All you need to know about Anti-Aliasing

Sniper Elite 3 PC | Anti Aliasing Vergleich | FXAA vs 4x SSAA  (Downsampling) - YouTube

If you’re a PC gamer, you’ve definitely been stuck with a graphics card that’s a little too sluggish for your favorite titles at some point. Perhaps you imagined your latest game to have the same sweeping grandeur and breathtaking detail as Thomas Cole pictures. Instead, it resembles an 8-bit Super Mario Bros. game.

The blocky, pixelated edges you see in your PC games are known as “jaggies,” and you can usually get rid of them by increasing your screen resolution. However, not all gamers will be able to do so. If you have an older GPU or one that wasn’t designed for gaming, you might not be able to reach higher resolutions without experiencing significant game lag.

That’s when anti-aliasing can help you out a lot. What is anti-aliasing, and how can I utilize it to make my game’s graphics better? Let’s have a look.

What is anti-aliasing, and how does it work?

Anti-aliasing is a technique for removing jaggies from objects in PC games. Anti-aliasing techniques come in a variety of forms, each with its own set of advantages and disadvantages.

Most PC games offer an in-game window where you may change visual options, such as anti-aliasing. When you initially start up other PC games, you must enable anti-aliasing. You may be able to alter anti-aliasing settings in your GPU control panel on some GPUs.

What are “jaggies” and what causes them?

Thousands of microscopic squares called “pixels” make up the visuals on your computer screen, each of which is a single color. Every image on your computer screen is a mosaic made up of thousands of different colored pixels.

Because the square pixels line up perfectly when placed side by side, it’s simple to construct graphics with vertical or horizontal lines.

Types of anti-aliasing methods

Supersampling anti-aliasing (SSAA)

One of the most effective spatial strategies is supersampling anti-aliasing (SSAA). “Full-scene anti-aliasing” is another name for it (FSAA).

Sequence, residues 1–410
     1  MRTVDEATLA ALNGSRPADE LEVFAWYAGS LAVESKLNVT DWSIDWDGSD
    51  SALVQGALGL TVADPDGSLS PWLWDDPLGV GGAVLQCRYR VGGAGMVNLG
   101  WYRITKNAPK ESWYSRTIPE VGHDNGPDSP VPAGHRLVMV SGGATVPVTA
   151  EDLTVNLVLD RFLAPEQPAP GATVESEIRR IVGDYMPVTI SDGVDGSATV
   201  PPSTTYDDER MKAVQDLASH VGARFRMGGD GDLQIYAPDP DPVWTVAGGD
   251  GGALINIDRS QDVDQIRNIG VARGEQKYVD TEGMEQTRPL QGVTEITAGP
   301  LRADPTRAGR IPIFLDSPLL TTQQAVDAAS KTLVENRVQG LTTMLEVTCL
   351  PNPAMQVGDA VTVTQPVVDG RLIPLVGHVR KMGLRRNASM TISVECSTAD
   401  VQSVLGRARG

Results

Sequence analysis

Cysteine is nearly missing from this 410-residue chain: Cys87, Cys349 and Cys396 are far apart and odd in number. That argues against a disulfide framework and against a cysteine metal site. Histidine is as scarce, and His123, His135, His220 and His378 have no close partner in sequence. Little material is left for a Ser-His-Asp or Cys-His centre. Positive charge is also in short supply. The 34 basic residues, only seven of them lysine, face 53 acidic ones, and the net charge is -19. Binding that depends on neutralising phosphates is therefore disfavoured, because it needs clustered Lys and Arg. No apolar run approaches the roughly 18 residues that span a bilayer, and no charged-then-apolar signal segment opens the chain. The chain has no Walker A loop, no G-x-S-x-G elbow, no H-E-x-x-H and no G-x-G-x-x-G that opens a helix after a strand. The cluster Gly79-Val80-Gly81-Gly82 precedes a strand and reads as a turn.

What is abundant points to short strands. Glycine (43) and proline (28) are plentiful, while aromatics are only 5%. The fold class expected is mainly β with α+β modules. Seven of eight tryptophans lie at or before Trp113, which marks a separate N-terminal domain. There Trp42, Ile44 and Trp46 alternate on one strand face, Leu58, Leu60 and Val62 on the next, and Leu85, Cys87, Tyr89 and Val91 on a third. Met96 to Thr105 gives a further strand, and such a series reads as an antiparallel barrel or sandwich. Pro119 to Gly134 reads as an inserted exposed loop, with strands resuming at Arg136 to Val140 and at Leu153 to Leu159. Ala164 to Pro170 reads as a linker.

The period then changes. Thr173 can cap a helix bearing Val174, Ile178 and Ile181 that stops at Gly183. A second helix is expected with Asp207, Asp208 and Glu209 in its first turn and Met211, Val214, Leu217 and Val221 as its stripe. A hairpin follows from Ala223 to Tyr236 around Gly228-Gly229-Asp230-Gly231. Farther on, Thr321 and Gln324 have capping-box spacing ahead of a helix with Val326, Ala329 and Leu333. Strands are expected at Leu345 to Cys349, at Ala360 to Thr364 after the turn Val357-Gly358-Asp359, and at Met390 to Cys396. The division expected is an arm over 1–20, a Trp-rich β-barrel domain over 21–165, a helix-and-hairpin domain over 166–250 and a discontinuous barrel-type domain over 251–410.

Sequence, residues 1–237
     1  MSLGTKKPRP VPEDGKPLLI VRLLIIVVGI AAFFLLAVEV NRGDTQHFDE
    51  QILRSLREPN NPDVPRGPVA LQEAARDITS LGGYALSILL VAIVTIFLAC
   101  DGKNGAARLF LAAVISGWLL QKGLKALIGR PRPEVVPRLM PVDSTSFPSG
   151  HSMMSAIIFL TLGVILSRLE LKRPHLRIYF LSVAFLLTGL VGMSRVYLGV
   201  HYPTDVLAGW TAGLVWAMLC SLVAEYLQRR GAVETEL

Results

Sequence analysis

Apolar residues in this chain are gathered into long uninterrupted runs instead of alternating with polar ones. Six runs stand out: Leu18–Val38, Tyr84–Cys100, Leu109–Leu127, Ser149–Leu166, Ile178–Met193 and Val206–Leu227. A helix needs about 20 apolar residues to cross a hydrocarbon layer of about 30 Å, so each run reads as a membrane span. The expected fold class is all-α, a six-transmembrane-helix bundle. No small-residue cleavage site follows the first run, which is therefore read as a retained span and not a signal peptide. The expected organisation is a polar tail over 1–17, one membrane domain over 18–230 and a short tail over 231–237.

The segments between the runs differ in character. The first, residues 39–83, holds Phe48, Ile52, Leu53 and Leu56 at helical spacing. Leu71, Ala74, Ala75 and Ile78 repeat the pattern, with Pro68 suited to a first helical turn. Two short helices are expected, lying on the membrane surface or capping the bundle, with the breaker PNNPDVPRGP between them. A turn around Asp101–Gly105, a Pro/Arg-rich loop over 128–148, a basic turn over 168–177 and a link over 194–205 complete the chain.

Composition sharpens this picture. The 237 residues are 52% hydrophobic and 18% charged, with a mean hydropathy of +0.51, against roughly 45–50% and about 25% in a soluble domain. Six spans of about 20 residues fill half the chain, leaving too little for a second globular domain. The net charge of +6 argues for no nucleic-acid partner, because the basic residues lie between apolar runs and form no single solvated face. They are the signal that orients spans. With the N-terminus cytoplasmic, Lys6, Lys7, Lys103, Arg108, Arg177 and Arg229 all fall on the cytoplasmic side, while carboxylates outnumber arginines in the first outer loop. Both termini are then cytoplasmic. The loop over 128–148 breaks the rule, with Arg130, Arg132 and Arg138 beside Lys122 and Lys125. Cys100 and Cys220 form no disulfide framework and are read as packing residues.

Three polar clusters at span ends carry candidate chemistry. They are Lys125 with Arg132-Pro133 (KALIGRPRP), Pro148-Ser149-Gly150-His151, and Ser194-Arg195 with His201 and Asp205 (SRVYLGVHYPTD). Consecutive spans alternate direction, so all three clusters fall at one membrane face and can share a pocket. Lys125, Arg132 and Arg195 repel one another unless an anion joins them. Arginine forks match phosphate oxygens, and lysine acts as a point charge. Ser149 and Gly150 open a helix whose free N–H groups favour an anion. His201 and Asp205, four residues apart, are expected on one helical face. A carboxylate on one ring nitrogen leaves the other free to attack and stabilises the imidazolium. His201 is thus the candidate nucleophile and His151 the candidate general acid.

Supersampling was one of the earliest anti-aliasing methods to be invented, and it uses the procedure just explained. SSAA is wonderful for processing photorealistic photos because it gives them a softer look that makes them appear more alive, but it has a few drawbacks.

First, photos with a lot of horizontal or vertical lines, which are sharp by nature but appear soft when SSAA is utilized, may be negatively affected.

Second, before the jaggies can be smoothed, SSAA demands that the complete image be processed (thus the phrase “full-scene”). Because PC games must be produced in real-time, SSAA necessitates a massive amount of computing power to run at gaming rates. As a result, SSAA is no longer widely used in gaming.

Multisample anti-aliasing (MSAA)

When a GPU renders an image on your screen, it distinguishes between two types of objects: polygons and textures.

The GPU first creates a polygon, which is the general shape or outline of an in-game item.

The GPU then uses a texture to fill in the polygon. Only the edges of polygons are smoothed out in multisample anti-aliasing (MSAA); the textures are not smoothed down. This reduces processing power by a small amount (but not a lot). MSAA is a common anti-aliasing technique used by PC gamers. It’s effective, however keep in mind that pixelated textures are still possible.


NVIDIA and AMD, two GPU makers, have created a new type of spatial anti-aliasing technology. NVIDIA developed CSAA (coverage sampling anti-aliasing), while AMD developed EQAA (enhanced quality anti-aliasing). They go by different names, but they all work in a similar way.

The GPU detects whether a polygon is present in the image using CSAA or EQAA. It detects which sections of the polygon are likely to produce jaggies before supersampling only those pixels. That is why the CSAA and EQAA are such useful tools. They require substantially less computing resources to run because only selected areas of the image are supersampled. You won’t have to soften the entire image, either.


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